Beyond doubt, teachers and schools at grassroots level, and education heads at the top together require guidelines to let them see how to implement inclusive education. However, issuing the document was not a simple task for Ethiopian education system. One of inclusive policy documents is having prepared a guideline of inclusive education to implement it effectively. Subsequently, if no guideline which leads how to implement inclusive education, the process would be subjected to personal interpretation. The above evidence indicates the extent to which experts and school supervisors were not clear about guideline and strategic plan. The strategic plan may help the education system to check and balance the goal that they were supposed to achieve with the plan that they had already scheduled. If the country had guideline of inclusive education, it would help stakeholders of education to demystify the wrong perception that the stakeholders possessed and would give them clear direction about the implementation of inclusive education.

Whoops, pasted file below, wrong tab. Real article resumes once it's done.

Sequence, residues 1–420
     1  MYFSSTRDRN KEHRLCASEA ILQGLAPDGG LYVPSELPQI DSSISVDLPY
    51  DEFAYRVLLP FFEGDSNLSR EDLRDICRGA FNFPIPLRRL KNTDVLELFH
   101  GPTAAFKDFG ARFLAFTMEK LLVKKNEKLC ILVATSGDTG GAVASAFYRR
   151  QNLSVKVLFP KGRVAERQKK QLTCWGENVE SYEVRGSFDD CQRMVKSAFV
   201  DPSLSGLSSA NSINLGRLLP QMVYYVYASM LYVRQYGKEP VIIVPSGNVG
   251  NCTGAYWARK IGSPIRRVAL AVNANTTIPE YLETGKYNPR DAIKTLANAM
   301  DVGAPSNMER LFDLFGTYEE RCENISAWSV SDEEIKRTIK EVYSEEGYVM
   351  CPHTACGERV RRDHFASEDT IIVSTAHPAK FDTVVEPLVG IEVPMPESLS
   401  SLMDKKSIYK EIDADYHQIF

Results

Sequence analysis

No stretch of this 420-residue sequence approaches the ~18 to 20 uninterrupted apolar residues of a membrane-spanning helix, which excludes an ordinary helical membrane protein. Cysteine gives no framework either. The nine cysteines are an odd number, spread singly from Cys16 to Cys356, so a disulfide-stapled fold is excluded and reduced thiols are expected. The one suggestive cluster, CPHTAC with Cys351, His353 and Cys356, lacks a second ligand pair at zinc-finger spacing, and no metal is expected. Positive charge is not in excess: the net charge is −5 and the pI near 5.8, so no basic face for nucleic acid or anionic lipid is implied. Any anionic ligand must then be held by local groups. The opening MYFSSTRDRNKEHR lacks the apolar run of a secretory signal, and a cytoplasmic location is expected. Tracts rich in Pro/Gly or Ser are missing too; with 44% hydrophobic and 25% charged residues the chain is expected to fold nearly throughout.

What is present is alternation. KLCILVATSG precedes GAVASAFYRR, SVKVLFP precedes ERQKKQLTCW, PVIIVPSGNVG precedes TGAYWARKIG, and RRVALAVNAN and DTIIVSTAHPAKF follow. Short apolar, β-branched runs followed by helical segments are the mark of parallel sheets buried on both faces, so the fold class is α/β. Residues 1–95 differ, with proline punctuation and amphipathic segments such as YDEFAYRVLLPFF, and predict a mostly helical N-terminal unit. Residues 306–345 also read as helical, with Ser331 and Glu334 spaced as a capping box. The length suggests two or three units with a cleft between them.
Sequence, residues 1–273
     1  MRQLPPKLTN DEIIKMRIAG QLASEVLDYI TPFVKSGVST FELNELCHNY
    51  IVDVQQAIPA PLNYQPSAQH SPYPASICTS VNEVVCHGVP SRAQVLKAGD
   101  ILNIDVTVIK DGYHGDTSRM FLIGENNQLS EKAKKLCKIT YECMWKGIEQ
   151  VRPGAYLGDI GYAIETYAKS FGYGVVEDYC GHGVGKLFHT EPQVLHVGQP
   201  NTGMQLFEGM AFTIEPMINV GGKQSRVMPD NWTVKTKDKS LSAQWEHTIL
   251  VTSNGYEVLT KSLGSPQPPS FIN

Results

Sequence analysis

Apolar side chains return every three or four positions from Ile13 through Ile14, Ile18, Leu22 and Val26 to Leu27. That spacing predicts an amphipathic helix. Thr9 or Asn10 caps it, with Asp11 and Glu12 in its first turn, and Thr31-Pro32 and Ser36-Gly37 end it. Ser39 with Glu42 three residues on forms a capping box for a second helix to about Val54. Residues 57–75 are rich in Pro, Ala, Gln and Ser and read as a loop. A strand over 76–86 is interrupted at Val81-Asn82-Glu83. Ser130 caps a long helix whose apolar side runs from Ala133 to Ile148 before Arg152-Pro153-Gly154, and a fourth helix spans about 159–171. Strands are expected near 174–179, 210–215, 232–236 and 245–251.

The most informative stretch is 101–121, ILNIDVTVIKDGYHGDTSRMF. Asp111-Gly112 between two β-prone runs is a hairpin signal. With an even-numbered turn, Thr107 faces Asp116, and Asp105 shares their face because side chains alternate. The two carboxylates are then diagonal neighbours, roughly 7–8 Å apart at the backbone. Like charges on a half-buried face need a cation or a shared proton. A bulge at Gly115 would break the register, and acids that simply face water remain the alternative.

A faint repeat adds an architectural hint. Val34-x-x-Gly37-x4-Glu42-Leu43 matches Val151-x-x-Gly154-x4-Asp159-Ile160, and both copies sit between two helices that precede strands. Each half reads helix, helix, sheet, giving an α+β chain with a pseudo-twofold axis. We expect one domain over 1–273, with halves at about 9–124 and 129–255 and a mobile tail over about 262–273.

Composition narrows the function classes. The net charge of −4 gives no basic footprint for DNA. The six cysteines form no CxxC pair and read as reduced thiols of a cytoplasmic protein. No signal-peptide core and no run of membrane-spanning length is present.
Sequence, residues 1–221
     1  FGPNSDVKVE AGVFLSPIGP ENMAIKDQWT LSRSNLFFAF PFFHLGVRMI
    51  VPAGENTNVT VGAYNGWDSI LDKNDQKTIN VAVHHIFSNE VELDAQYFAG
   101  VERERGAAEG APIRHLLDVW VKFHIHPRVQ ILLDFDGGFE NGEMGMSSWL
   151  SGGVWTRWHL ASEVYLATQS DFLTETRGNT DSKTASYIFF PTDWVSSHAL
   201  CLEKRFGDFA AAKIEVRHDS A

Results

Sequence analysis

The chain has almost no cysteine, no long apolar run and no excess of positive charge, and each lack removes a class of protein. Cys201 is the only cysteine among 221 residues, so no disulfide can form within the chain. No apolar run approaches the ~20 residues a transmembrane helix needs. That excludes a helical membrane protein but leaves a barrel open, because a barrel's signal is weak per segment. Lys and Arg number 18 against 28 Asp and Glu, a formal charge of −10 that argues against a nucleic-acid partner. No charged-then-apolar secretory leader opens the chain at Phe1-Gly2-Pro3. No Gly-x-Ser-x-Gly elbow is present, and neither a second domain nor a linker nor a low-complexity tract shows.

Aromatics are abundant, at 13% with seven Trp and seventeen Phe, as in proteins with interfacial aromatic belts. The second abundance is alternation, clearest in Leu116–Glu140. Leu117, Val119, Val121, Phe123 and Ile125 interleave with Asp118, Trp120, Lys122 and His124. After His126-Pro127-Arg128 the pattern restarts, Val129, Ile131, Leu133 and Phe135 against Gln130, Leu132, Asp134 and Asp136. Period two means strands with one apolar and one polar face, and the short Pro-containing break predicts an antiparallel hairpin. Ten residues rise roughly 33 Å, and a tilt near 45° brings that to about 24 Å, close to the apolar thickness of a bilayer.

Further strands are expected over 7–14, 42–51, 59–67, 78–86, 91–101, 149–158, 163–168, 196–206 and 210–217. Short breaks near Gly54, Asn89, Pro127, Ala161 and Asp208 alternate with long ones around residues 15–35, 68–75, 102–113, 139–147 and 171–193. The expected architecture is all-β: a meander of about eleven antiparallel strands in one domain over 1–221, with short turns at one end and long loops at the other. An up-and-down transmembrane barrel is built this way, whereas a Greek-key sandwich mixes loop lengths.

Ethiopia is one of the multi-ethnic nations in Africa. As a result, the country is exercising multilingual curriculum. No matter how the country has multi-ethnic groups, issuing guidelines of inclusive education would not be costly when it is compared with the benefits that it could bring quality, equity and social justice in our education system. More than its cost, lack of commitment among political leaders has also delayed the endorsement of inclusive guidelines. Although the country had designed strategic plan of special needs and inclusive education system in 2006 and 2012, this was meant for the purpose of country relief, unfortunately it did not work for all the regions.